Tuna & Chickpea Salad

Packed with protein and other nutrients, Tuna and Chickpea Salad is a light, delicious, and healthy option for snack and lunch.

I don’t if it’s the heat, lack of motivation to cook, or just other things taking over my life currently but I have not cooked a proper meal + grocery shopped in over a month. I have been eating out a lot or eating few of my favorites on repeat. I am talking parfait, pizza, and a variation of chickpea salad (lunch-box friendly // smashed chickpea and avocado salad). The recipe I am today sharing today is very flexible recipe, a spin off of chickpea salad with canned tuna, yogurt, and lots of dill. If you are not in the mood to cook and want to eat wholesome + easy that can be eaten by itself, with a slice of toast, over salad, with crackers or whatever other creative ways you want, Tuna & Chickpea Salad is for you.



I have a love hate thing with canned tuna probably because I overate them in the past. Tuna is a pretty solid source of omega-3 fatty acids (an essential fatty acid that we need via diet as our body can’t make it), lean protein, and other nutrients such as B-vitamins, potassium, and iron.

Canned tuna is relatively inexpensive & nutritious, there is a concern + controversy about mercury poisoning. Mercury is a naturally occurring environmental toxin that is released into the air through industrial pollution. It builds up in water and is absorbed by nearly all fish and shellfish. Mercury levels in the fish depend on what they eat, how long they tend to live, and where they are in the underwater food chain (larger fish typically have higher mercury level).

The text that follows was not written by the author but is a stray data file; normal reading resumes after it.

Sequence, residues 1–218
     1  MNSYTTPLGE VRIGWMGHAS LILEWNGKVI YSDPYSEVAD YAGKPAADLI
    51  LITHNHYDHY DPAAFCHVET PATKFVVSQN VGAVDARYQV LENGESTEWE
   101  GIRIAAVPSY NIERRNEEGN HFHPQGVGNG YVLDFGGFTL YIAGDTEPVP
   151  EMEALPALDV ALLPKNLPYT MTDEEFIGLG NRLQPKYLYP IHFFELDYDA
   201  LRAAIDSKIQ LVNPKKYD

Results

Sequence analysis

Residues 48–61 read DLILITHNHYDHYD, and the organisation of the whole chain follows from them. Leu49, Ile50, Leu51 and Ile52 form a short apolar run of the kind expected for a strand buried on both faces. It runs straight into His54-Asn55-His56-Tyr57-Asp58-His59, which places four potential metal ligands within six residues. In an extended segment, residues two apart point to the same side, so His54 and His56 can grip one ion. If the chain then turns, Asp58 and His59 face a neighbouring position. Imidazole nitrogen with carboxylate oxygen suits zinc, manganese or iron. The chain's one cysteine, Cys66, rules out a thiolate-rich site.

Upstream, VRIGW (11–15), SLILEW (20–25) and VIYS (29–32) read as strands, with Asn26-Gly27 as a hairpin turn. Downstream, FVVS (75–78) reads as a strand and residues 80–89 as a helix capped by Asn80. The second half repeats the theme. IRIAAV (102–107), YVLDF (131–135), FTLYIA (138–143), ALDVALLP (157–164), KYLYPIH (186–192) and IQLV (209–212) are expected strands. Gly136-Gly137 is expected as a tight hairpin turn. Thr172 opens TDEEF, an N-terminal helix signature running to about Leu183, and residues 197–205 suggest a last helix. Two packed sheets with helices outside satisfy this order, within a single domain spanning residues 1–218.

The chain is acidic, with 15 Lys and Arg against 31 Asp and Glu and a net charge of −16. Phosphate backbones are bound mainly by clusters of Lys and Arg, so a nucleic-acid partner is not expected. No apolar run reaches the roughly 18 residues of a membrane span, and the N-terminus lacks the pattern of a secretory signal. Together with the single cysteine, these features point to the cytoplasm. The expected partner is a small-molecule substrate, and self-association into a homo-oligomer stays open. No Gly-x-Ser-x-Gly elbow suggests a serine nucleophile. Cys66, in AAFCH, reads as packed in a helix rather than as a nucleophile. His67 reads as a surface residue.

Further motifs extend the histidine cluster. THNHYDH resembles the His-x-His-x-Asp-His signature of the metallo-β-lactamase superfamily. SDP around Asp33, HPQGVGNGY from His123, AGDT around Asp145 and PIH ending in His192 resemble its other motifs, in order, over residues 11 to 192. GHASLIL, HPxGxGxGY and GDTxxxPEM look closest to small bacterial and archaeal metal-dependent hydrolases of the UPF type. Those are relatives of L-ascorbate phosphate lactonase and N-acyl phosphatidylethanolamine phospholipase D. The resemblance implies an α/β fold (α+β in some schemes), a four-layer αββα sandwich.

Canned tuna typically comes in 2 types : Albacore (white) tuna and light tuna. Albacore is larger in size compared to light tuna which is why it contains up to three times more mercury. There are guidelines from EPA suggesting that it is safe to eat up to twelve ounces of light tuna (or any fish low in mercury) a week or six ounces of white tuna a week. Since mercury is a neurotoxin, it is recommended that woman who are pregnant or may become pregnant – as well as breastfeeding mothers and parents of young children pay extra attention when it comes to fish. Here is a pretty handy Q & A on choosing and eating fish.




On that note, I hope you will make Tuna & Chickpea Salad very soon. It’s pretty flexible when it comes to ingredients like mayo vs. yogurt, herbs and seasonings. You can also adjust the ratio of tuna and chickpea according to your preference.





Tuna & Chickpea Salad

Serves: 4


  • 2-5 oz. can light tuna in water (drain the water)
  • 2-15.5 oz can low sodium chickpeas (drain the liquid and rinse)
  • 1/2 cup non-fat plain yogurt (add more if desired)
  • 1/4 teaspoon turmeric
  • 1/2 teaspoon dill
  • 1 large lemon, squeezed
  • salt, pepper to taste


  1. In a large bowl, combine all the ingredients until mixed well.
  2. Taste and adjust seasoning as needed.

If you are into cold salads, you should perhaps check out:



Cannellini Bean Salad with Basil & Sun-Dried Tomatoes



Everyday Lentil Salad



Lunchbox Chickpea Salad



Sprouted Mung Bean Salad

Dixya Bhattarai

Dixya Bhattarai

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